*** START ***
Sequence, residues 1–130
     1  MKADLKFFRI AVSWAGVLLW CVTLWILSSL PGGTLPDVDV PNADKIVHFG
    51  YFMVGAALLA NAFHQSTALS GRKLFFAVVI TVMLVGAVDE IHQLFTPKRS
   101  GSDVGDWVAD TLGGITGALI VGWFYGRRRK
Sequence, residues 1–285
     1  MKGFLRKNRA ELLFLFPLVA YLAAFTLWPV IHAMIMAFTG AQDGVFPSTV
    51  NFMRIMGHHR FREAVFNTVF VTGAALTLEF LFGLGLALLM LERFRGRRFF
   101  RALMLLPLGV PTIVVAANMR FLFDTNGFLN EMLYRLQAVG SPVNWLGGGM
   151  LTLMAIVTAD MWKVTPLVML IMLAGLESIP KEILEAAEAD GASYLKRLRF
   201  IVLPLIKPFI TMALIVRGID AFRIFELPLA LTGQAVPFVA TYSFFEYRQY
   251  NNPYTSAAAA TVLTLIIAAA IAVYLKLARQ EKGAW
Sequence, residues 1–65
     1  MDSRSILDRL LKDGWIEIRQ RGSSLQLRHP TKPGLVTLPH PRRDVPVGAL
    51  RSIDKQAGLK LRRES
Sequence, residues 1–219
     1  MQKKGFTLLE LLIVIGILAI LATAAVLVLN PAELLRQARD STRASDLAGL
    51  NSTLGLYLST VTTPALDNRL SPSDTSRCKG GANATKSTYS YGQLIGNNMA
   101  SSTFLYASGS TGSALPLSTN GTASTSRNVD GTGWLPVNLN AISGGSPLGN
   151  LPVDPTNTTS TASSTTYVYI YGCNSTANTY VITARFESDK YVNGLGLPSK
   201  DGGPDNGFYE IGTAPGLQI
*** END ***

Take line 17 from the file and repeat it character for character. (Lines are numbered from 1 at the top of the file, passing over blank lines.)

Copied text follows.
    51  NSTLGLYLST VTTPALDNRL SPSDTSRCKG GANATKSTYS YGQLIGNNMA